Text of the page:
After joining lands with his brother Mario, Paolo Cotroneo launched Fattoria La Rivolta in 1997. A third generation farmer, Paolo immediately began to organically cultivate his vines, earning certification from ICEA, the Istituto per la Certificazione Etica e Ambientale, in 2001. A family affair that includes two sisters and a cousin, these 29 hectares of cultivated vineyards are hand harvested to produce low yields and farmed without the use of chemical treatments

About the Winemaking:  Approximately 29 hectares of the hilly, calcareous-clay land are planted with vines and hand harvested to produce low yields, without the use of chemical treatments. Biological methods have been utilized since 1997, earning them an organic certification by ICEA. Harvest in mid-October from 30-40 year old vines. Fermentation is done in stainless steel with indigenous yeasts over 15 days with one day of cold maceration. The grapes belong to the DOC Taburno or Sannio, planted around vertical trellis with guyot pruning system or cordon pruning. The grapes harvested on the farm are, white Falanghina grape, Coda di Volpe, Fiano, and Greco; red grapes include Aglianico and Piedirosso. 

Tasting Notes: A complex bouquet of peach skins and mint with a touch of smoke and nuttiness. Texture is silky, with a  saline minerality and ripe pear and lime notes leading to the characteristic hazelnut finish. Rich and round but with great acidity.

Winemaker: Paolo Cotroneo

Price per bottle / per case

$28         $302.40

Suggested Food Pairing: Will work well with Thanksgiving fare but also roast chicken,  richer seafood preparations, like salmon, lobster and monkfish or seafood pastas, vegetable dishes like eggplant Paremesan with mozzarella di buffala and herbal risottos.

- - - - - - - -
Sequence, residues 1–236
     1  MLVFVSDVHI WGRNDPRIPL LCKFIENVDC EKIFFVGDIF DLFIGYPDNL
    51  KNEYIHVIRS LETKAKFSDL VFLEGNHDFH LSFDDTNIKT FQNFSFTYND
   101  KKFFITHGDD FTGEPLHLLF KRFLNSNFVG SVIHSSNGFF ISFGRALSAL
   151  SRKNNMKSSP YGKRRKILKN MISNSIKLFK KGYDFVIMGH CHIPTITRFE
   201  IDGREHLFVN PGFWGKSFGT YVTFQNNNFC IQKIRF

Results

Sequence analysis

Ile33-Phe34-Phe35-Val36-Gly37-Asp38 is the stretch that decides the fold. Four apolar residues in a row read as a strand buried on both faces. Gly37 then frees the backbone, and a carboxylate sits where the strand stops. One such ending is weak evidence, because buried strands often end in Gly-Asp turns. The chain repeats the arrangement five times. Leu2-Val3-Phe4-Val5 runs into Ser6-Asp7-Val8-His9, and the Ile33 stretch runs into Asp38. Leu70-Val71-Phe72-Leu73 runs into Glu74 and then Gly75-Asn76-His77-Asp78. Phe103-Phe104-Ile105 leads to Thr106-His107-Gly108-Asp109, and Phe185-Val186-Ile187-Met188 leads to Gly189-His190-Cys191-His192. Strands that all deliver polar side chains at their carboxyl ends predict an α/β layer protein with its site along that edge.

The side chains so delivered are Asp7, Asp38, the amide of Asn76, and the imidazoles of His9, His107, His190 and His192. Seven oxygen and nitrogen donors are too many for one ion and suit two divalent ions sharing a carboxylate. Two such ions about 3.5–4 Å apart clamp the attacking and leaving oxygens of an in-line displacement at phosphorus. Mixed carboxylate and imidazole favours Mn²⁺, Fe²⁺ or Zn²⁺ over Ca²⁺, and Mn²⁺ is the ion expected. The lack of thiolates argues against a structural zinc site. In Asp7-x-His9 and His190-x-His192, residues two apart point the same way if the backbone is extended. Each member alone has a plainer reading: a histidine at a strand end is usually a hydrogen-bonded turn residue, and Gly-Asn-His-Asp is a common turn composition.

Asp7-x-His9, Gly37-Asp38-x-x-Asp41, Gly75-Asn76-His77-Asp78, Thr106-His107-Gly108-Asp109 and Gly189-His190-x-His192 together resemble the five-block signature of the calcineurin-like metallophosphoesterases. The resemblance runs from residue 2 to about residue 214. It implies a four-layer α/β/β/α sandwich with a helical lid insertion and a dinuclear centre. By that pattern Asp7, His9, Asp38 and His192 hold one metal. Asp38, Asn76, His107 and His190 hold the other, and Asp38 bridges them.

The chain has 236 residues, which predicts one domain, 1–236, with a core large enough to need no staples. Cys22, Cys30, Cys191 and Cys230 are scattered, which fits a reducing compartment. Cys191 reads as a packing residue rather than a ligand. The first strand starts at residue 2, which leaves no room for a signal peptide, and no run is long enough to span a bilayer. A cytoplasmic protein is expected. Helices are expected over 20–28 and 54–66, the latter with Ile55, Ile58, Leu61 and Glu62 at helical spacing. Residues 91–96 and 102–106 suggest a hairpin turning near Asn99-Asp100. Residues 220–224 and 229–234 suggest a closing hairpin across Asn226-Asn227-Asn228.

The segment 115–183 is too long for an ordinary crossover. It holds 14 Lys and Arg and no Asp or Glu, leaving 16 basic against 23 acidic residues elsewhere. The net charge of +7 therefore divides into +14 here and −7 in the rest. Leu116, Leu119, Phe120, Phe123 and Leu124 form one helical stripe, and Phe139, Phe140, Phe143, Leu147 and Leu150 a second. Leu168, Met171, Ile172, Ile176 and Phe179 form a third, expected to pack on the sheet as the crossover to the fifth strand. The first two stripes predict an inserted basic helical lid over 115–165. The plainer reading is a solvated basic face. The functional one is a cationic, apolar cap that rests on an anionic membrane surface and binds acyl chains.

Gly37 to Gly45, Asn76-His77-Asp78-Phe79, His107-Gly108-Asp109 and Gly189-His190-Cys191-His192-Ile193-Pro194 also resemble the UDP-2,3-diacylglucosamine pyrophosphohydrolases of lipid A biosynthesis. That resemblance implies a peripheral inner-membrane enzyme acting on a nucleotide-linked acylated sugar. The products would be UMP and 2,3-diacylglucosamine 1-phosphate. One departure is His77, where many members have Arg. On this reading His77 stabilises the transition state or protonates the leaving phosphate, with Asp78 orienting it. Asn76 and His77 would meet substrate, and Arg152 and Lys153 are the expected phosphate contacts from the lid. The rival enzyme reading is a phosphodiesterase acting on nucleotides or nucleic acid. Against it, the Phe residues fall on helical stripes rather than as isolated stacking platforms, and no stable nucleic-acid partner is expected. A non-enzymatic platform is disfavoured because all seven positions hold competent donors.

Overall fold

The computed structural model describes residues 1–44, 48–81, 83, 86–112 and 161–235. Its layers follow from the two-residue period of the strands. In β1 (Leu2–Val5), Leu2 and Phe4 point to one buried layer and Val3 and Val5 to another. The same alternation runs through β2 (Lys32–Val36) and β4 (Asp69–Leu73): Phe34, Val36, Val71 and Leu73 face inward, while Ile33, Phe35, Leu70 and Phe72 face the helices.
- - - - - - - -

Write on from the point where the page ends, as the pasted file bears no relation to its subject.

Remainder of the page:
Cantina Morone Sannio Piedirosso Fiori Di Galano 2018

Region: Sannio, Benevento, Campania, Italy

About the Winery: The Morone winery is located in the medieval village of Guardia Sanframondi, a municipality on the hill overlooking the valley of the Calore River and Mount Taburno, also known as the “Dormant del Sannio” profile.

It is small certified-organic family farm run by siblings Eleanora and Giovanni. While the azienda was officially incorporated only in 2011, the vineyards have been farmed by the family for generations. For generations, fruit was sold in bulk to the local cantina sociale. Today, Eleanora and Giovanni concentrate on grapes indigenous to this corner of Campania: Falanghina, Fiano, Piedirosso, and Barbera del Sannio (which bears no relation to the similarly named Piedmontese varietal). They produce wine in small quantities, attuned to the differences between parcels. Their agricultural practices are biodynamic. The days of pesticides, fertilizers, and irrigation are long gone.

About the Winemaking: This is a cru Piedirosso produced from a special parcel within a 15 year old vineyard. As with all of Cantina Morone´s wines, organic practices are followed in the vineyards. Intervention is minimal, and all grapes are harvested by hand. The Piedirosso grapes undergo a 15-25 day fermentation using indigenous yeast in stainless steel. The grapes and wine are moved by gravity. To minimize use of sulfites and oxidation, the grapes are kept under a blanket of inert gas and crushed in a closed press.

Tasting Notes: Peppery/floral nose with a dark fruit palate of  blackberry, blueberry, plum, black cherry, and forest floor earth. Soft tannins and touch of spice on finish.

Winemaker: Giovanni & Eleonora Morone

Price per bottle / per case

$28                 $302.40

Suggested Food Pairing: Stuffing, garlic roasted mushrooms, mashed potatoes, green beans with caramelized onions and almonds, margherita pizza, tomato bashed dishes, grilled meats 

Gnocchi alla sorrentina (Sorrento style gnocchi)

This is an easy and light dish to make. Both wines will work for this dish.

Ingredients (serves 4)

500g potato gnocchi 

400g San Marzano tomatoes (fresh or canned)

200g mozzarella (fresh, soft, not hard.)

2 garlic cloves


Fresh basil leaves

Extra virgin olive oil

Salt & pepper

-In sauce pan with 2tbs of olive oil let the sliced garlic get some color (not brown!) and add the tomatoes seeded and finely chopped. Cook over medium flame for 10-15 minutes

-Cut the mozzarella in diced cubes, 1 inch size

-In a large pot bring water to boil, add a big pinch of rock salt and drop the gnocchi

-The gnocchi are be done when all of them will surface on the water

-Don’t drain the gnocchi in a calendar, they will stick, but using a skimmer remove and transfer them in an baking pan with tomato sauce, the mozzarella, plenty of grated parmigiano and several basil leaves

-Bake in the oven at 350F for 10 minutes*

-Serve hot, garnished with more basil leaves (If you like to have a nice golden crust, broil high for 3 extra minutes)